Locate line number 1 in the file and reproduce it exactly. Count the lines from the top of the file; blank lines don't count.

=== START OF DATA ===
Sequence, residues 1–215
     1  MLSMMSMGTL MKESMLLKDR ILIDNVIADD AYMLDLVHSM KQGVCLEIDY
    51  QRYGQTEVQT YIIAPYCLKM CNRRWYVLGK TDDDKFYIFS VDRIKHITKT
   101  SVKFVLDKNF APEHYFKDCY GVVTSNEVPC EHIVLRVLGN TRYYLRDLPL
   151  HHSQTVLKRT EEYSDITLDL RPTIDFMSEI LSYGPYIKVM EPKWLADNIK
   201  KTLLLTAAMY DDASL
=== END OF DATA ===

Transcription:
Sequence, residues 1–215